The Multimedia Computer for Low-Literacy Patient Education: A Pilot Project of Cancer Risk Perceptions

James L. Wofford, MD, MS, Dorothy Currin, MPH, Robert Michielutte, PhD, Marcia M. Wofford, MD

In This Article


Progress in computer-assisted patient education is perhaps better reflected in nonmedical literature. Articles published in the medical literature about computerized patient education in the clinical setting are surprisingly few and are of variable quality. The few available studies focus more often on the novelty of the computer software rather than on testing for efficacy or effectiveness.[20,21] A clear exception is the work of the shared decision making group whose rigorous testing of sophisticated multimedia products encompasses multiple clinical domains.[22,23]

Unfortunately, the quest for novelty on the part of software developers usually puts multimedia computer products beyond the reach of low-literacy patients. The extensive use of written text, the temptation to teach numeracy, and a content frequently focused on sophisticated medical topics (eg, genetic testing for cancer) usually undermine applicability to a low-literacy population.[24] Perhaps most important is the fact that the expense of software development effort demands a market that does not include disadvantaged populations. Contemporary software developers look toward the excitement of the Internet as a means of educating larger populations of technologically savvy end-users. However, less affluent members of society still have not been offered many of the basic benefits of electronic media. As a result, little is known regarding the value of computer-assisted education for low-literacy patients.

Early demonstration projects suggested that computers could be widely accepted by patients of different socioeconomic strata and could be used effectively by novices,[15,16,17,18] even without full advantage of contemporary computer strategies that can completely replace written text with audio, animation, or imagery. However, the idea that the multimedia computer is at least a partial solution for improving better patient education for low-literacy patients is still not recognized. The tolerance of a slower learning pace and the ability to avoid written text through the use of audio are particularly important advantages of the computer for low-literacy patient education. The privacy offered through a computer interaction may avoid the embarrassment of having to ask that a statement be repeated or of needing extra time to answer a question. Audio clips and images from familiar clinic personnel and settings offer advantages in making the patient receptive to and comfortable with the computer interactivity.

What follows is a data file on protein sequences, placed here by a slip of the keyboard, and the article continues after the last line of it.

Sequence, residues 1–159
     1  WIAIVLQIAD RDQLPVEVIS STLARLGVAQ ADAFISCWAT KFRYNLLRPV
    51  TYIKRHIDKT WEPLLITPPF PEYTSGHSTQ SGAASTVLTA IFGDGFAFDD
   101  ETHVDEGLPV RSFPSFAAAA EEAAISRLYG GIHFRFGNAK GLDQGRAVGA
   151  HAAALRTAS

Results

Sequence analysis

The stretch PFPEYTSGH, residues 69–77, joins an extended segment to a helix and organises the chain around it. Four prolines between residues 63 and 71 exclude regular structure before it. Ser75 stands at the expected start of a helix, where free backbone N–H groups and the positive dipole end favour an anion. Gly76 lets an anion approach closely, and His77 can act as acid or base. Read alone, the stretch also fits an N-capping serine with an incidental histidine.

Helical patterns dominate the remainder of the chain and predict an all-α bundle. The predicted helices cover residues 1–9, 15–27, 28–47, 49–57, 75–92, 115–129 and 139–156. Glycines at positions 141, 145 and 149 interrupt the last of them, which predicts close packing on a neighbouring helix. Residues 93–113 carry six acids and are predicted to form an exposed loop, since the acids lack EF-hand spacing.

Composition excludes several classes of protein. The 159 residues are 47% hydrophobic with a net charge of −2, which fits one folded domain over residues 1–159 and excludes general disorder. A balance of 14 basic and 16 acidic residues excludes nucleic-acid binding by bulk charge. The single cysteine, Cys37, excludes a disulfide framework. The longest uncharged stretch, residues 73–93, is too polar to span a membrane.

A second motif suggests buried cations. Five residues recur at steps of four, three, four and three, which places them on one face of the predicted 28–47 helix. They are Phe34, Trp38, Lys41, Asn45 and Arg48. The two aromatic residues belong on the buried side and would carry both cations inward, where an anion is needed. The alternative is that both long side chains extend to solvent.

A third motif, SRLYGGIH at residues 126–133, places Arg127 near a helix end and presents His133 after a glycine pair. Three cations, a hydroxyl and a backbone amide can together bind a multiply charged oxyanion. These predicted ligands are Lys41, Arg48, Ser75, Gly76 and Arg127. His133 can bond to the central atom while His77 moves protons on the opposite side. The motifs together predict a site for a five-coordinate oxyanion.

Pressures to increase office efficiency have already forced us to use multimedia presentations routinely for new patient orientation and diabetic education. The 85% level of overall agreement between computer and verbal questioning in this study convinces us that the computer's usefulness can be further extended to collecting patient information or preference, even with patients in an indigent care setting. Not surprisingly, older age and lack of prior computer experience were associated with slower performance. However, the level of agreement between computer and verbal questioning was high, even for these subgroups of patients. The ability to capture information through the computer from low-literacy patients should encourage accrediting organizations who now require documentation of the patient's understanding of educational efforts.[12] With new recommendations from the Ad Hoc Committee on Health Literacy for the Council on Scientific Affairs of the AMA for better identification of and intervention on literacy problems, the stage may even be set for development of computer-based screening of literacy level, which then links immediately to educational content specific to the literacy level of the patient.[25]

Limitations of this demonstration project include the small sample size and single clinical setting for this study. A second limitation is that we did not actually assess the literacy level of patients undergoing the computer exercise. The high prevalence of inadequate literacy skills among patients has already been well demonstrated in the general population and in a variety of clinical settings. However, until the relationship between computer literacy and reading literacy is better established, future studies should actually measure the literacy level of patients in order to better determine whether the computer is best suited for those patient with inadequate, marginally adequate, or adequate literacy levels.

The daily routine of medical care involves multiple educational tasks that increasingly overwhelm providers, staff, and patients in a busy outpatient setting. Shifting these tasks to the multimedia computer has the potential advantage of reducing literacy barriers between healthcare provider and patient as well as improving office efficiency. Computer-assisted patient education offers a promising and practical alternative to bridging gaps in knowledge and understanding.


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